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Indian husband has life-sized dummy of late wife made after losing her to COVID-19

By John Patrick Magno Ranara Published Jan 13, 2023 1:46 pm

The COVID-19 virus is a blight in the world that will go down in history books after it has caused millions of deaths in the world, including the wife of a 65-year-old Indian man who decided to make a life-sized dummy of her after being devastated by her death.

In a report by the Times of India, Tapas Sandilya, a retired government employee residing in Kolkata, had his beloved wife Indrani snatched away by the infectious touch of the COVID-19 pandemic.

Tapas recalled that before her death, the two of them visited a temple where Indrani got her fascination for life-like statues, "We visited the Iskcon temple in Mayapur a decade ago and could not stop admiring the lifelike statue of the order's founder, AC Bhaktivedanta Swami. It was then Indrani had told me of her desire for a similar statue (of hers) if she happened to pass away before me."

When she passed away back in May 2021, Tapas decided to honor his late partner's wish by commissioning a life-sized silicone dummy made in her image.

After spending some time scouring the internet for someone who could be up for the task, he enlisted the services of Subimal Das, a sculptor who has had experience creating silicone replicas for museums.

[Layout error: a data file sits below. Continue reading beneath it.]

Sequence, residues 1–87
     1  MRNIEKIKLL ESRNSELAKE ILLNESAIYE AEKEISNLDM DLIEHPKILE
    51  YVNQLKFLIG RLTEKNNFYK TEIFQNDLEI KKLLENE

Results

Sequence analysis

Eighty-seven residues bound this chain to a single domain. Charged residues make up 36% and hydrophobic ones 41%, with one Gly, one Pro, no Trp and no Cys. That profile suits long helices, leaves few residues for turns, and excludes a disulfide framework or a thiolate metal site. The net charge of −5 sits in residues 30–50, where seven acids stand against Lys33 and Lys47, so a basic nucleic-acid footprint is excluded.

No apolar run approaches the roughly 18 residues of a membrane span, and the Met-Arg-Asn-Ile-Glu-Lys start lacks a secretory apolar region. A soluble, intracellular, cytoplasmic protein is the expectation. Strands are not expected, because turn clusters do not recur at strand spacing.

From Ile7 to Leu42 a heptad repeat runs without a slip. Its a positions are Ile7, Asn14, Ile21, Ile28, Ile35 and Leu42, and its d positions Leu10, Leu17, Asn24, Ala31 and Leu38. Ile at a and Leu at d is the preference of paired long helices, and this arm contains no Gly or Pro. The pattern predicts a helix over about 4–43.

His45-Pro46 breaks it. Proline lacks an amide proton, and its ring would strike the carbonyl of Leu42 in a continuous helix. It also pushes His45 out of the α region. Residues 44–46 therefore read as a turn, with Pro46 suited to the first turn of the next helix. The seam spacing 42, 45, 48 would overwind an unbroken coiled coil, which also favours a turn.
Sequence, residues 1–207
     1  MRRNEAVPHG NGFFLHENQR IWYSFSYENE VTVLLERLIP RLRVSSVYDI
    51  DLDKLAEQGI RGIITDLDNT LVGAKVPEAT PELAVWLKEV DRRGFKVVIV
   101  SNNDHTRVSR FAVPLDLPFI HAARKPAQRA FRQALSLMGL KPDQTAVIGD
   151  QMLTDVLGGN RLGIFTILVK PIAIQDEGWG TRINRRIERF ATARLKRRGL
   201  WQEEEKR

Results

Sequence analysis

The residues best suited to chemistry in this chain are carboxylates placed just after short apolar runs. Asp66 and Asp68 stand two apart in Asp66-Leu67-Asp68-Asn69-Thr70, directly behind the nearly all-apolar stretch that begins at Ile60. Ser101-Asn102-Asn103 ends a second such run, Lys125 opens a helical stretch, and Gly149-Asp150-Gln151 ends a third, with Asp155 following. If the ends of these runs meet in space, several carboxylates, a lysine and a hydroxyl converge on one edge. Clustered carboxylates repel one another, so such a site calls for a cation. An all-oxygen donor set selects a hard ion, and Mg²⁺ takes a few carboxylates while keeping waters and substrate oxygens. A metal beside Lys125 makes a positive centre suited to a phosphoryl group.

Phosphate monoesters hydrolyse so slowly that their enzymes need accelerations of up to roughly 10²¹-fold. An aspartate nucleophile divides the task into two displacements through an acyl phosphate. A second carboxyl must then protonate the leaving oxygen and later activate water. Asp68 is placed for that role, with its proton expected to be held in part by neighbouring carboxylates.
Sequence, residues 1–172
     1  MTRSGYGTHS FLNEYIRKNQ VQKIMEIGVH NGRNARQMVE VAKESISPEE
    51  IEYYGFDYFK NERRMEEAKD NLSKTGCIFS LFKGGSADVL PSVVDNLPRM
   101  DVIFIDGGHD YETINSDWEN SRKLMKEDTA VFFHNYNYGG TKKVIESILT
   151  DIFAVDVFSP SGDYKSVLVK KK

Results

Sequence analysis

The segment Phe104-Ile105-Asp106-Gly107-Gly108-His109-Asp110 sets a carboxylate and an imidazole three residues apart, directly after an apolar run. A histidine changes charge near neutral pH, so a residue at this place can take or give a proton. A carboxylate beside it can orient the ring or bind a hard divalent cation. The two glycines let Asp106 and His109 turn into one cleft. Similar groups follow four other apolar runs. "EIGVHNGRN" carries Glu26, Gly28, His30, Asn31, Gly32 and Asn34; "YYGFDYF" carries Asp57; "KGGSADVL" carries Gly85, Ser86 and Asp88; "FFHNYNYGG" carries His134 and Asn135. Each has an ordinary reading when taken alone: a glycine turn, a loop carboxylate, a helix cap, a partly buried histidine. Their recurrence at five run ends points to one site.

After over six months of hard work, the result is a 30 kilogram statue complete with hair, all kinds of gold jewelries that she liked most when she was alive, and even a silk sari that she wore in their son's wedding reception.

According to Subimal, the statue took a long time to make because "it was absolutely necessary for the statue to have a realistic facial expression," explaining that he based the look from photographs of Indrani's face from different angles that were collected.

He then made a clay model that served as the foundation of the fibre moulding and silicone casting.

Tapa said that Indrana's statue, which now sits on the favorite spot of her sofa in their home, alleviates the pain of his late wife's passing and makes him feel that she is always with him. "I was in isolation at home while Indrani was taken to a hospital in south Kolkata. I can never forget that."

Because of his rather unusual way of expressing his love for his wife, he has received much attention from his neighbors, with some accusing him of "attention-grabbing," but he has adamantly denied this.

""I am, strictly speaking, fulfilling my wife's abiding wish," he stressed.